However, because desktop computers aren’t concerned with how much space they may occupy, their CPUs may be as huge as feasible depending on the power and capacity of the CPU.

Power consumption

Another difference between laptop and desktop CPUs is the amount of power they may draw. Because a laptop is designed to work on its battery for extended periods of time, its CPU should only be able to pull a certain amount of power from the battery, or else the battery will be quickly depleted.

This is true even if you use your laptop’s power adapter. Meanwhile, because desktop computers are designed to run when plugged into a power outlet, their CPUs are designed to use more power.

Cooling

This is generally where most desktop CPUs differ significantly from their desktop equivalents. Because desktop CPUs are bigger, they normally come with their own inbuilt cooling system to prevent overheating from all of the power that they may demand from the power outlet.

On the other hand, because laptop CPUs don’t use a lot of power and have limited space, they normally don’t have their own integrated cooling system and instead rely on the laptop’s own cooling system for cooling.

Clock speed

When you look at the varied processor names in the CPUs of a laptop and a desktop, it’s tempting to imagine they’re the same thing because they have similar names. For example, if your laptop and desktop both have i7 CPUs, you can mistakenly believe that they are the same and that the laptop processor can have clock rates comparable to its desktop counterpart.

Desktop computers, on the other hand, are designed to have processors with greater clock rates since they are larger and can demand more power. This implies that because desktop processors have faster clock speeds, they can execute more instructions per second.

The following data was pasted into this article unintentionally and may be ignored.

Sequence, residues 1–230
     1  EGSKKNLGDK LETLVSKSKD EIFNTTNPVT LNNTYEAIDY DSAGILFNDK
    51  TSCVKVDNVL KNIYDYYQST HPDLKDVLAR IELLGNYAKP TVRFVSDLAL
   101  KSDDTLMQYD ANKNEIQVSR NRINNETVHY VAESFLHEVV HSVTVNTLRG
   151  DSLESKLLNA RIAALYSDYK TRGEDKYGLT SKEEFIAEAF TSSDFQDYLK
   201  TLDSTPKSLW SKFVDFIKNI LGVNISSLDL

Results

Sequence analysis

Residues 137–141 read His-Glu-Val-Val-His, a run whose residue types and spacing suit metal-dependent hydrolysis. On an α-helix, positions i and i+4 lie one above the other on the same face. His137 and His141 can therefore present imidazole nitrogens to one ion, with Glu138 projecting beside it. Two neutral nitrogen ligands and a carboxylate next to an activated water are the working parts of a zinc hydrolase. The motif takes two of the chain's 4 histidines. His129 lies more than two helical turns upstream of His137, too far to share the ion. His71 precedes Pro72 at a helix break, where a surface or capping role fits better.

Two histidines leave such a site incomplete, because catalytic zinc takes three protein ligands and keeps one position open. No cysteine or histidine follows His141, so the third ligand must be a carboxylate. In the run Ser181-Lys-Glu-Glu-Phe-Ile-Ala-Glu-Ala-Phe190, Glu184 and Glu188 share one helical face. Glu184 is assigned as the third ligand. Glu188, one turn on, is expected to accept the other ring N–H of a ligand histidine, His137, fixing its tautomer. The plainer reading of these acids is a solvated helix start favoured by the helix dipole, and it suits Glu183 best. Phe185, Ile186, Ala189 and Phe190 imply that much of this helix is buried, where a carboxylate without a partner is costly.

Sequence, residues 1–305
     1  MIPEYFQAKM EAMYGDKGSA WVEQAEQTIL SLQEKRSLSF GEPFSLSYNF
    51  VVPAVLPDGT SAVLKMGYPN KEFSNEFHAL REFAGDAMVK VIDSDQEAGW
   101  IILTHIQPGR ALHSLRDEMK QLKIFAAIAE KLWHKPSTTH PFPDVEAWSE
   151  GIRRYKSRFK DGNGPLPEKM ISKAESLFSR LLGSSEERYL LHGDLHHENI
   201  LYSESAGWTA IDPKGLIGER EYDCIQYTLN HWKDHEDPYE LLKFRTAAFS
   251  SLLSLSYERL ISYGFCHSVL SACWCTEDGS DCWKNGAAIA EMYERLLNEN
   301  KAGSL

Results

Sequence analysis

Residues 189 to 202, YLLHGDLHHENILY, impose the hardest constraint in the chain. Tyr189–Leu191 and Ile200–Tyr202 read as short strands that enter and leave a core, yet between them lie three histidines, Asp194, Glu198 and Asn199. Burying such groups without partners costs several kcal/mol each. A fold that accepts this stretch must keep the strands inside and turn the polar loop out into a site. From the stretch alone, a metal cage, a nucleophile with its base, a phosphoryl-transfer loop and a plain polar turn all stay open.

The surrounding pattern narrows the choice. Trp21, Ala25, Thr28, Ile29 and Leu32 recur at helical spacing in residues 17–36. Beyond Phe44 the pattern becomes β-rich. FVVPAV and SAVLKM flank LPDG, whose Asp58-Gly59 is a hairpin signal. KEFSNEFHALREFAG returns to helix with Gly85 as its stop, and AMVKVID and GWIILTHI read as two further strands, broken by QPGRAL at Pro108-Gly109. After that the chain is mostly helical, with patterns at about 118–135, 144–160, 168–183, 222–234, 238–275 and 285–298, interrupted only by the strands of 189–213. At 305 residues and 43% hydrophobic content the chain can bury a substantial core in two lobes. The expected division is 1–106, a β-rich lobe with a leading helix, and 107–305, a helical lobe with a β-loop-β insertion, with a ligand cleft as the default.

Number of cores

Laptops cannot afford to have more cores than the desktop due to the size of the CPUs present in both the laptop and the desktop. Consider the multiple cores to be distinct sections of the brain, each with their unique set of capabilities.

While an i7 laptop CPU may have the same specifications as an i7 desktop processor, the fact that the desktop has more cores allows it to perform better. Even a more powerful i5 desktop processor with more cores may beat a less powerful i7 laptop processor with fewer cores.

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Which between laptop and desktop CPUs is better?

Now that you understand what differentiates a laptop CPU from its desktop equivalent, you may be wondering which of the two is superior. In that regard, there is no doubt that a desktop CPU is far more powerful than its laptop equivalent simply because it is larger and capable of pulling far more power.

However, you have to understand that these CPUs were designed for different purposes. Even if a desktop processor is supposed to be more powerful, it wasn’t made to be used on a compact machine such as a laptop.

Meanwhile, laptop CPUs might be weaker in comparison but the fact that they are capable of performing at amazing speeds despite how small they are, makes them amazing in their own right as well.

Conclusion

The fact that a laptop is a compact machine in comparison to the desktop means that the laptop cannot hold a bigger and more powerful CPU. While laptop CPUs are becoming faster and faster every single year, the larger desktop counterparts are still much more capable. And that is why both these processors are not interchangeable with one another as both were made for different purposes.